News Flash: Brand-new Cars Come with Miles

2011 Chevrolet Volt exhibited at the 2010 Wash...

Image via Wikipedia

I was reading the Autoblog Green post this morning entitled “GM Drives your Volt before you do,” and it reminded me of a story one of my dealer friends told me a few years ago. A lady special ordered a new car from the factory. When she arrived at the dealership to pick up her new vehicle, she expected it to have zero miles on it. But it didn’t have zero miles on it (because, well, that’s virtually impossible). It had 10 or 11 miles on it. Not only was she was livid but she also caused a big scene in the dealership – all over a few measly miles.

I’m just going to break this down for you…if you buy a new car, the odometer will not read zero.

The manufacturer test drives new cars after they come off the assembly line in order to make sure that the engine and all systems are operating properly. Think of it like the final checkpoints that pilots go through before flying you and your beloved family to Hawaii.  You wouldn’t want them to skip that step to save some time, would you?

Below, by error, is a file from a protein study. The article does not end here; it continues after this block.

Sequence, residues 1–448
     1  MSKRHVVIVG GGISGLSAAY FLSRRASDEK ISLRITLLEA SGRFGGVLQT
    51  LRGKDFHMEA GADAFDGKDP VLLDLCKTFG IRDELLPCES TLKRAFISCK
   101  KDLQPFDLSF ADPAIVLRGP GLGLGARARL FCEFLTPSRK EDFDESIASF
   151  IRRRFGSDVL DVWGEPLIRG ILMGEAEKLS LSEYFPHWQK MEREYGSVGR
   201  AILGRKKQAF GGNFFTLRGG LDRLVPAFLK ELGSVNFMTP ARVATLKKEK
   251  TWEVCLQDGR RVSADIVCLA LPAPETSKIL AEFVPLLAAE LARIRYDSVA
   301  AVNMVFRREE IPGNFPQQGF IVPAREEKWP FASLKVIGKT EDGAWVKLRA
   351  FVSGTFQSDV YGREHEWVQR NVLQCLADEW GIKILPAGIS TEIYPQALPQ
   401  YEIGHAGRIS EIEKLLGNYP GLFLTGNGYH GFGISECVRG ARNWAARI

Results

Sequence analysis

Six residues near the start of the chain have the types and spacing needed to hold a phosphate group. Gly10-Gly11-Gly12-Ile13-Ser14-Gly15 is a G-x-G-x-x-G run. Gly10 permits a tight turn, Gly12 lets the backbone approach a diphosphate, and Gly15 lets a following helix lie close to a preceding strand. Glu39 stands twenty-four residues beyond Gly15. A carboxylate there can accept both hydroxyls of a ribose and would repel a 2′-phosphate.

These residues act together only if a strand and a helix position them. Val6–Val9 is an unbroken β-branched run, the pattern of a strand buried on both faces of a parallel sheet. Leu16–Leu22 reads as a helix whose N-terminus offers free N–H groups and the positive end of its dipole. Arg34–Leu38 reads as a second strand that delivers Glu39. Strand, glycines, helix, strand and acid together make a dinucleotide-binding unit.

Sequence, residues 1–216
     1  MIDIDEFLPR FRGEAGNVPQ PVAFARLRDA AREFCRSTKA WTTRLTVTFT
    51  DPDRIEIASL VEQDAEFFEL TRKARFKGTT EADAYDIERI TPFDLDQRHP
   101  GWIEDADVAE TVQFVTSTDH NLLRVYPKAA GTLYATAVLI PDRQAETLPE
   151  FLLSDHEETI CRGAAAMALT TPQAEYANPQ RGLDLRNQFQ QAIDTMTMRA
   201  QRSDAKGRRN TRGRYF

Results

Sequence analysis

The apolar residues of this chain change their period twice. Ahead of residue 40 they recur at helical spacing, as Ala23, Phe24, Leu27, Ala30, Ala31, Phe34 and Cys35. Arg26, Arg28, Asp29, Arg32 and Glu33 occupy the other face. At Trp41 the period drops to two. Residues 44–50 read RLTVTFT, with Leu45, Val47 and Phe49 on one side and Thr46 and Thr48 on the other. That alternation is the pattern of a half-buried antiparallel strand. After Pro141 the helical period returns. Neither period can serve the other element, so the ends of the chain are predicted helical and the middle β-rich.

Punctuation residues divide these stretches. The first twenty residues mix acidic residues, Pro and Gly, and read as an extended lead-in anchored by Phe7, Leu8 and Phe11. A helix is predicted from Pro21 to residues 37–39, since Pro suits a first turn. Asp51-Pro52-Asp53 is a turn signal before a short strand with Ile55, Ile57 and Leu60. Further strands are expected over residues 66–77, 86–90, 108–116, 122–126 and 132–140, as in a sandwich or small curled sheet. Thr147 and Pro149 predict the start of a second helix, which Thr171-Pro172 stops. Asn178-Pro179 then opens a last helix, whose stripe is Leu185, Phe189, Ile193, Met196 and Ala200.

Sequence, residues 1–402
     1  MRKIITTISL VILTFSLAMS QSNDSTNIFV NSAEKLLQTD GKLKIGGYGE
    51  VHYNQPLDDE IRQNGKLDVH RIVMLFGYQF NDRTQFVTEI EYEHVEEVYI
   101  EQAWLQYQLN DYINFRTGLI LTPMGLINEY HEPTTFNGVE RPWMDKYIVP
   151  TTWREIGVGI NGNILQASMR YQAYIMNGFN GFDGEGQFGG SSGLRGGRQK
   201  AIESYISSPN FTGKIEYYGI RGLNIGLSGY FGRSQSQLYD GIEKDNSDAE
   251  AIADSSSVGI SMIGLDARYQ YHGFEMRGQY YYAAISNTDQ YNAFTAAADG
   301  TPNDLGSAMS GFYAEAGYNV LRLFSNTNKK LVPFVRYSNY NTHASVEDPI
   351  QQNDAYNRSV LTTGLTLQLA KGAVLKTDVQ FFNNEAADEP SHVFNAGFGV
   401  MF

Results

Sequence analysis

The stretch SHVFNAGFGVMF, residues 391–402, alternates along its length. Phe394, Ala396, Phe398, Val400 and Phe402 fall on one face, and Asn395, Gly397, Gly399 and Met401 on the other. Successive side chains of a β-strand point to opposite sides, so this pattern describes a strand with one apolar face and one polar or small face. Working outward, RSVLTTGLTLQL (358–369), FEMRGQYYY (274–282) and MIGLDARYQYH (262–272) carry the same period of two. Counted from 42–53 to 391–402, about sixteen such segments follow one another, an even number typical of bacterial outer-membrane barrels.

So, just remember that if you’re going to buy a new car at your local dealership, it is completely normal to have a few miles on it. When I bought my new car, it had 11 miles on it.  The only time you should be cautious is if the car has more upwards of 100-200 miles on it. That means the dealer or general manager have probably been driving the vehicle as a demo for a few weeks. If that’s the case, then you could have a little extra bargaining room.

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Melanie Batenchuk founded Be Car Chic in 2009 as a way to help consumers make smart decisions when buying and selling their cars. Her prior work at the dealership, trade association and manufacturer levels has provided her a deep understanding of the complex facets within the auto industry, making her a leading woman in her field.